- Observation and monitoring missions such as peace support missions,
- Interventions for peace and security restoration at the request of a member state, and
- Actions to prevent the spread of conflict to neighbouring states, or the resurgence of violence after agreements have been reached.
Dangers and vulnerabilities
At the moment, the Democratic Republic of Congo (DRC) provides an example of ongoing military intervention in a fellow SADC member country. SADC member states – South Africa, Tanzania and Malawi – are actively involved in a UN peacekeeping mission, MUNOSCO, in the country.
It is the largest ongoing UN mission and dates back to 2010. Elements from SADC are now largely concentrated in the Force Intervention Brigade to pursue armed groups in the east and help the DRC government regain control of its territory.
The operation in Mozambique will be different as SADC will be operating without the cover of the UN. This places it in a precarious position. It will have to take full responsibility for any fall-out resulting from failure.
There’s no precedent for an intervention of this kind. In 1998 South Africa and Botswana sent troops into Lesotho. In the same year Angola, Namibia and Zimbabwe intervened in the DRC. In both cases the interventions were controversial and messy. SADC authorisation came after deployment and placed great strain on relationships within the regional body.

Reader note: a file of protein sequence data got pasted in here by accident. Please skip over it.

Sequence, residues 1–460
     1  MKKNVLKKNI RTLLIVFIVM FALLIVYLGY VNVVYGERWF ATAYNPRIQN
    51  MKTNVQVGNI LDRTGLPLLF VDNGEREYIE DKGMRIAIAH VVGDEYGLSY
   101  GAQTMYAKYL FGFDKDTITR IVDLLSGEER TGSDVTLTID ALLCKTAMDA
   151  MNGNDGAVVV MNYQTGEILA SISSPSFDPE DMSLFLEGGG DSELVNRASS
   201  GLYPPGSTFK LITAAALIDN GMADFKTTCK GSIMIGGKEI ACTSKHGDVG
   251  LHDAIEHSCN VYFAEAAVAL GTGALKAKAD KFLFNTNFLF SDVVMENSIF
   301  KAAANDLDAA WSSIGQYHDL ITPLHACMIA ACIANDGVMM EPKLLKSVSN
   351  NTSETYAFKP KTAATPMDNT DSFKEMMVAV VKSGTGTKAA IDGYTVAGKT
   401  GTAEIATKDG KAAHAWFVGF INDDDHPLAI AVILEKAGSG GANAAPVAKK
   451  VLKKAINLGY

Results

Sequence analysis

SADC’s decision to intervene in Mozambique comes with its own set of difficulties. Chief among these is to get member states to commit resources to establish an intervention brigade to deploy against the insurgents.
The size of the final force will be depend on how extensive the armed conflict has become, and what level of intervention the Mozambican government is willing to accept from SADC.
To succeed, SADCS’s intervention in Mozambique will require extensive investment in time, human resources and money. The extent of this investment will, of course, be determined by the speed with which it contains – or even defeats – the insurgents.
Military action will need to entail a parallel process of rebuilding physical infrastructure and assisting with returning people to their normal life. Most of all, it must help the Mozambique government prevent a resurgence of the violence.
The violence has had a devastating effect on security and rule of law. The impact spilled offshore as gas companies placed extensive foreign infrastructure development for the energy sector on hold.
Rebuilding the confidence needed for the gas industry to resume activities is a major incentive to get the insurgency under control.
Costly and dangerous mission ahead
Success in turning the tide against militants in Cabo Delgado could give SADC’s image a major boost. Failure, however, could tarnish its image of protecting a fellow member country and the region for years to come.
In essence, Cabo Delgado shows how a slow and overcautious approach to a potentially explosive security situation can allow matters to deteriorate to such an extent that deadly violence can’t be prevented.
The scene is now set for a military response that leaves SADC facing an expensive and dangerous intervention, and rebuilding costs that a poor country such as Mozambique can ill afford.